econ 135 fall08 lecture7a

econ 135 fall08 lecture7a - Urban Economics Lecture 7 Urban...

Info iconThis preview shows pages 1–7. Sign up to view the full content.

View Full Document Right Arrow Icon
1 Urban Economics Lecture 7 Urban Transportation Start with some facts/history. How does suburbanization of jobs and housing affect commuting? Suburbanization of housing by itself lengthens commuting journey length, since the distance to the CBD is longer. Suburbanization of jobs reduces commuting journey length, since jobs move closer to houses. But when housing and jobs both suburbanize, the increase in commuting journey length is smaller. Commuting journey length still increases, though, because workers commute circumferentially as well as radially.
Background image of page 1

Info iconThis preview has intentionally blurred sections. Sign up to view the full version.

View Full DocumentRight Arrow Icon
2 (Cars allow circumferential trips, meaning that they allow firms and HH to locate in places that would be inaccessible by public transport.) When cities suburbanize, the urbanized land area increases faster than the radius. (Example: radius rises from 10 to 12, area rises from 314 to 452 miles squared. So 20% increase in radius implies a 44% increase in area.) This raises commuting journey length.
Background image of page 2
3 Automobile Ownership, Miles of Travel and Road Mileage 1950 1960 1970 1980 1990 2000 % families owning cars .60 .77 .82 .87 .91 .92 Persons/car 3.7 2.9 2.3 1.9 1.9 2.1 Miles of urban travel by car (billions) 184 287 497 671 1410 2068 (in 1995) Urban road miles (000) 323 430 561 624 757 859 Miles of urban travel/miles of road (000) 571 667 886 1075 1863 2407 Number of vehicles (millions) 40 62 89 121 132 133 Pubtrans trips (000,000) 17 9 7 9 9 7.7 in 1995
Background image of page 3

Info iconThis preview has intentionally blurred sections. Sign up to view the full version.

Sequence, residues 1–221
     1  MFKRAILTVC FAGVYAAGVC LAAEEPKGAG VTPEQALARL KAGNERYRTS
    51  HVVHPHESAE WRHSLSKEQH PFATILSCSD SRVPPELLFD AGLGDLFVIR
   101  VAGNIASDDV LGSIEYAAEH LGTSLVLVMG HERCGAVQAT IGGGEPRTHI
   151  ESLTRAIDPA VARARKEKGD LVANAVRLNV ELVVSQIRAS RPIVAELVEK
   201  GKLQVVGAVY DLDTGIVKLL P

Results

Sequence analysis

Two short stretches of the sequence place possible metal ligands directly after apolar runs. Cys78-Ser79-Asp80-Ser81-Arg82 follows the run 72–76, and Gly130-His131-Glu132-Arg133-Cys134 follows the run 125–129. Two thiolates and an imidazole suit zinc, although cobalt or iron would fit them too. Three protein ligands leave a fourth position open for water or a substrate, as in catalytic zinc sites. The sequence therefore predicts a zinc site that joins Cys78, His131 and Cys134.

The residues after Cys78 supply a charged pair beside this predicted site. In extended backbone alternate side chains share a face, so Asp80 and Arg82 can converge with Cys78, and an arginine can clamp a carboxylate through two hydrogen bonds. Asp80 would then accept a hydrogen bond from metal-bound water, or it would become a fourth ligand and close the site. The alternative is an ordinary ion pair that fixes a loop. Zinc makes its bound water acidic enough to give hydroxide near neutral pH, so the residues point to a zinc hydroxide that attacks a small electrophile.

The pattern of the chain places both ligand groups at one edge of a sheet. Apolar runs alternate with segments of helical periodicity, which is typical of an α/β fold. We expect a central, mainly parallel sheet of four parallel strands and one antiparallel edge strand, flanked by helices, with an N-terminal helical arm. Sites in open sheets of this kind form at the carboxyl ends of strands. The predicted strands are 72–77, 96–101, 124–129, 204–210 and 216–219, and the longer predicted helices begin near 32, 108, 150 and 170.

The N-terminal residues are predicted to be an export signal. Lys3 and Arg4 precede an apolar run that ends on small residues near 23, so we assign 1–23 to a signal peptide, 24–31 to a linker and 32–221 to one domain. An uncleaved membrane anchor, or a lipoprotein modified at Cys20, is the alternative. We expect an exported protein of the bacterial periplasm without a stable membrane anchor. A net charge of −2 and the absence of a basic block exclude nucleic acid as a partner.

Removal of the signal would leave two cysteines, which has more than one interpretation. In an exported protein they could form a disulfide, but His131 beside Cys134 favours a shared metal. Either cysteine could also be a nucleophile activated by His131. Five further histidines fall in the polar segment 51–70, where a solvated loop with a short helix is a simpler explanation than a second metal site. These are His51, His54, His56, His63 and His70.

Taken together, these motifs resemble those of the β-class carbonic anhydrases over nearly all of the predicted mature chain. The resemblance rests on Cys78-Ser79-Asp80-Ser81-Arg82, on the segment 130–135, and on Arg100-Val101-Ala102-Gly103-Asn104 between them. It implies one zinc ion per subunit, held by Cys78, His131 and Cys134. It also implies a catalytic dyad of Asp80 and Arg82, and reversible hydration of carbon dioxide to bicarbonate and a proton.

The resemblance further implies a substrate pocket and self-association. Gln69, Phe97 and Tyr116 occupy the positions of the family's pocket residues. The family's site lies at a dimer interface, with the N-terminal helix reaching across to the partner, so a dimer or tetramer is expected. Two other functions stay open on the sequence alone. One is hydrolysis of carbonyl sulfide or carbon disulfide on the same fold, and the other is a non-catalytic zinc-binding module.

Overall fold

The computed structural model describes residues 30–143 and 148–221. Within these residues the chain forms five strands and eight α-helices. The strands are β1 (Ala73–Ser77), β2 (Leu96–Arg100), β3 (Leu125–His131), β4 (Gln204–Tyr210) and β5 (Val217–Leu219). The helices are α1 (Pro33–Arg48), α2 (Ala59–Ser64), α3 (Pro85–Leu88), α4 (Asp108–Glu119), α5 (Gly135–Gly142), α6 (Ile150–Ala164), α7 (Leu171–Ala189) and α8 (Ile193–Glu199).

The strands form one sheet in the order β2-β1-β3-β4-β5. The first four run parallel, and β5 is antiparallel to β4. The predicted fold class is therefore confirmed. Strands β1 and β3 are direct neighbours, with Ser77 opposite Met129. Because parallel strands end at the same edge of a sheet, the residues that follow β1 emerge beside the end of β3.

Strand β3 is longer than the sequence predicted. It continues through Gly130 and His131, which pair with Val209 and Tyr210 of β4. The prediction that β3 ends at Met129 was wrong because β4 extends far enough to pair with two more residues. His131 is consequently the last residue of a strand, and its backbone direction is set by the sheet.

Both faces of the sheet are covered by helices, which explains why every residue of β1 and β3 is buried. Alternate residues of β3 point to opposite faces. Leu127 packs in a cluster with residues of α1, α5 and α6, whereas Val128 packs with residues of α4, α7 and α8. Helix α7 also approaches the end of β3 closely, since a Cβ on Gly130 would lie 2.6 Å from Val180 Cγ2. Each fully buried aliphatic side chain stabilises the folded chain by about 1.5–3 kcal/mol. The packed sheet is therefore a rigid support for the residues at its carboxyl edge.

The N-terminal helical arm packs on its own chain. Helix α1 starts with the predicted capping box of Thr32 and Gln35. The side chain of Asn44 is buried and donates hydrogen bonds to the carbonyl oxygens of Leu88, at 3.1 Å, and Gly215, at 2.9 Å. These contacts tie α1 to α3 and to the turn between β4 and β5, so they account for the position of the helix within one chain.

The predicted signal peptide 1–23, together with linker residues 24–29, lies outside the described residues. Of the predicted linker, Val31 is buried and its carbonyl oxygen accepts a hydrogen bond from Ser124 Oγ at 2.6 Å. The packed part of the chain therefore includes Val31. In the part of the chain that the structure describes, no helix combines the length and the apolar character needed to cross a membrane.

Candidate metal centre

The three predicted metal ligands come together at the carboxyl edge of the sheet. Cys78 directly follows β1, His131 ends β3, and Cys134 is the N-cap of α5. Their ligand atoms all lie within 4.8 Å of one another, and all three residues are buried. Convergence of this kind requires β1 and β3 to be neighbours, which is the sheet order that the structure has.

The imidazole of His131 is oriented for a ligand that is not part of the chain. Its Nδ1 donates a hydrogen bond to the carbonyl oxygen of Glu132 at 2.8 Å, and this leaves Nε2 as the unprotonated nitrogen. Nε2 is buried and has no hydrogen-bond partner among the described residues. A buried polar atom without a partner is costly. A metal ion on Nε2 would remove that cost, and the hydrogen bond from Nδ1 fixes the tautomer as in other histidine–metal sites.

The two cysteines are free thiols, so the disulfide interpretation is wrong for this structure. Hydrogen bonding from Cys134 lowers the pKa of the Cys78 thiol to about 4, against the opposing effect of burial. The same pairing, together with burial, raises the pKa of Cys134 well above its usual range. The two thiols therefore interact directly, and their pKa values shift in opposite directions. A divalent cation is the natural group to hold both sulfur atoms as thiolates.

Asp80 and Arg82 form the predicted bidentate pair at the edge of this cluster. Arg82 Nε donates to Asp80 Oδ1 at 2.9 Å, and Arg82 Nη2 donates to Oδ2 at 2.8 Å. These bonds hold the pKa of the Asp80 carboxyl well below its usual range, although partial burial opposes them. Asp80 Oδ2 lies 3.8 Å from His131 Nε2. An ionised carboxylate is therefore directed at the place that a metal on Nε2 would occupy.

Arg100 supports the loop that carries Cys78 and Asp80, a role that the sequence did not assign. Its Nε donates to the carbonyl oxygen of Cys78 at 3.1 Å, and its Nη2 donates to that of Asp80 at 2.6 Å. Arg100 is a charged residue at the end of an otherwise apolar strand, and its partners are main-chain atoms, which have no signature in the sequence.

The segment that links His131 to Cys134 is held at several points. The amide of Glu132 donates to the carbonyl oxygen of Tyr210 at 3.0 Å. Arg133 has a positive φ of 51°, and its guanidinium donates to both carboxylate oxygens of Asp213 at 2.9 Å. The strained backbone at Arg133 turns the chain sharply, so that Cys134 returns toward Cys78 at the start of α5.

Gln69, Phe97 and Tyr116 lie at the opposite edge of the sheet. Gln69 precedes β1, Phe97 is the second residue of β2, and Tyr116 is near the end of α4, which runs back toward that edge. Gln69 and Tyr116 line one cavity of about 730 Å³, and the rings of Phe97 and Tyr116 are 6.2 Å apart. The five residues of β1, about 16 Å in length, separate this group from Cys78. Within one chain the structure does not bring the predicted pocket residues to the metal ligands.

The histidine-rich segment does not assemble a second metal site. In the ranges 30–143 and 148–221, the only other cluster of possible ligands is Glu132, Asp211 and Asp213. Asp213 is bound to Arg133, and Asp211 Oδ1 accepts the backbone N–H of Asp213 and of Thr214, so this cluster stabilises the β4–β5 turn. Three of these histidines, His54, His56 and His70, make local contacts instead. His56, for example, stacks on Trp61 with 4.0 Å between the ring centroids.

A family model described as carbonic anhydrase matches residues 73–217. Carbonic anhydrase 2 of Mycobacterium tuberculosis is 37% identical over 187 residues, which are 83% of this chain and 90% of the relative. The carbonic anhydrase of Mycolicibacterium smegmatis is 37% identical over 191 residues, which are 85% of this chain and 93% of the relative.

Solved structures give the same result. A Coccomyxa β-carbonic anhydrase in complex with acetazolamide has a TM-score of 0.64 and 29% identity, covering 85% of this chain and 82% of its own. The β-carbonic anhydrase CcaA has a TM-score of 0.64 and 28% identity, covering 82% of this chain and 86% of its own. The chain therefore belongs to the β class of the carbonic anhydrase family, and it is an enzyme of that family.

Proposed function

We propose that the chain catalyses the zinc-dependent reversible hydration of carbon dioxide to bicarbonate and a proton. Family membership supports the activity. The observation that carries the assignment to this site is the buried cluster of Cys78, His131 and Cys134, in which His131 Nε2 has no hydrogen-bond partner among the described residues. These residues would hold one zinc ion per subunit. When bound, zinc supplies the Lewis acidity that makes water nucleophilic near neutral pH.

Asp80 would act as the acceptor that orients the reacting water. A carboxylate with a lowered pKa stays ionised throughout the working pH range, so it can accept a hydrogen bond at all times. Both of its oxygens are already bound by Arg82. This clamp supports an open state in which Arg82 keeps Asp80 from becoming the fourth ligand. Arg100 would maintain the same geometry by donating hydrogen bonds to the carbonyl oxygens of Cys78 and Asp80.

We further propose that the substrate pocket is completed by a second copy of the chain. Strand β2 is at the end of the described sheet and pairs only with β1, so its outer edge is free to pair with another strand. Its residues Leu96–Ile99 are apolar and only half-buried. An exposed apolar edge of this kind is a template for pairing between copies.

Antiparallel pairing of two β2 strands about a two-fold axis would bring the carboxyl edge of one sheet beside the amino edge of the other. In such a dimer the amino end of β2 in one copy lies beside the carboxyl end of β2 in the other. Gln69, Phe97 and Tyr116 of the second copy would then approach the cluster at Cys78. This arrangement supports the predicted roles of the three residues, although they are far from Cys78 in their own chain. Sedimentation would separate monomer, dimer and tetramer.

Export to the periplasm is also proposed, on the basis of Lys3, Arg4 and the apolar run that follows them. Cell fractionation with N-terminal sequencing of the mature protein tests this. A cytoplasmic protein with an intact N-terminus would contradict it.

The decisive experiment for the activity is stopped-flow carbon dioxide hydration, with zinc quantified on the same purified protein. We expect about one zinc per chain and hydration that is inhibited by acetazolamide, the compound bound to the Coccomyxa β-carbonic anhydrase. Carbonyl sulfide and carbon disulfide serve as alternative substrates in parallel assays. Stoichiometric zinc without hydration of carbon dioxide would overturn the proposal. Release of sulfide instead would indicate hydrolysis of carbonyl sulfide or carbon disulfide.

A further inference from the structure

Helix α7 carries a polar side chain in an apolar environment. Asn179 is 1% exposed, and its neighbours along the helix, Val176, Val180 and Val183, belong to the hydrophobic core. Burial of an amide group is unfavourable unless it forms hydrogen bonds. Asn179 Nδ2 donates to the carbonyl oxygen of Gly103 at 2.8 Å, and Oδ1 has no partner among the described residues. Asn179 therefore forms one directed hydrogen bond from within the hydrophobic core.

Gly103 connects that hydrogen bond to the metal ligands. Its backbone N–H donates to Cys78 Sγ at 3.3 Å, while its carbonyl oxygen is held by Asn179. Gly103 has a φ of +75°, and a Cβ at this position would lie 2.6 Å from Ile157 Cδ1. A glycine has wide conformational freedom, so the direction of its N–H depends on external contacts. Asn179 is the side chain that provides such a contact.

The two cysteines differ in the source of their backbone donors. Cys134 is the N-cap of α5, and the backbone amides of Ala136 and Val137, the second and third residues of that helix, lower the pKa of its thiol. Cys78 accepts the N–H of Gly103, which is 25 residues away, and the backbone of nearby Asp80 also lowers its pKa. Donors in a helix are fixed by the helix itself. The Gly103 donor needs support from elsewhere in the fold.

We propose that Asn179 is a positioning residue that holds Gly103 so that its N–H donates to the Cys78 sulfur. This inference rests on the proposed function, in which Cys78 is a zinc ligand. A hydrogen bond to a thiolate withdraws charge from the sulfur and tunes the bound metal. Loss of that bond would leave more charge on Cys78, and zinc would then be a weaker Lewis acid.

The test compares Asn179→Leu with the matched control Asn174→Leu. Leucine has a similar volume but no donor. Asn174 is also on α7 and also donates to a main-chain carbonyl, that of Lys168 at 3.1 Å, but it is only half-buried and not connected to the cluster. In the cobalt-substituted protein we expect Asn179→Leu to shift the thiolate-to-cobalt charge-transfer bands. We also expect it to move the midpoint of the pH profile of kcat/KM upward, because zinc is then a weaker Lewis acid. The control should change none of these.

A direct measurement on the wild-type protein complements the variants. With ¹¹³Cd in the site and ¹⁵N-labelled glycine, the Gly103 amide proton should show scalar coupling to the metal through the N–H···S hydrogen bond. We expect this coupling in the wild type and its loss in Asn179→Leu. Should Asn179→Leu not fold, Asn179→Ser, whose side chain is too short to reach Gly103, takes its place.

View Full DocumentRight Arrow Icon
4 Commuting Journey Length 1969 1977 1983 1990 2001 Distance (mi) 8.9 11.0 12.1 Auto 9.4 9.2 9.9 10.4 Bus 8.7 7.2 8.6 9.3 Total 9.9 9.2 9.9 10.6 Time (min) 22 20 17.6 19.0 22.5 Speed (mph) 30 35 32 Most commuters travel by car (77% of central city residents and 93% of suburban residents). This is because they save time commuting by car. The average commuting journey has been increasing in distance and time. Commute Times by Size of City (1990?) Metro area Avg Time Spent Commuting New York 38 minutes Washington DC (2 nd highest) 28.5 49 largest metro areas 22 Typical city of .5 million population 18
Background image of page 4
5 Regression Results Explaining Average Commuting Time, 50 Largest U.S. Metro Areas, 1980 Coefficient (* = stat sig) Mean Value Population (millions) (+) .383* 2.15 Proportion Public transport (+) 20.2* .068 Proportion Af-American (+) 18* .11 Median HH Income (+) .662* 8.8 Proportion Jobs in CBD (+) 4.96* .081 Proportion Moved in last 5 years 6.57* .52 Proportion 2 Worker HH (-) -3.0 (almost stat sig) .42 Intercept 9.75* R squared .86
Background image of page 5

Info iconThis preview has intentionally blurred sections. Sign up to view the full version.

View Full DocumentRight Arrow Icon
6 Predicted signs are in parentheses. Explain predictions. If the population increases by 1,000,000, avg commuting time rises by only .4 minutes. This suggests that suburbanization of jobs has mainly offset the increase in commuting times that would be expected if housing suburbanized but jobs remained in the center. Public transit:
Background image of page 6
Image of page 7
This is the end of the preview. Sign up to access the rest of the document.

Page1 / 20

econ 135 fall08 lecture7a - Urban Economics Lecture 7 Urban...

This preview shows document pages 1 - 7. Sign up to view the full document.

View Full Document Right Arrow Icon
Ask a homework question - tutors are online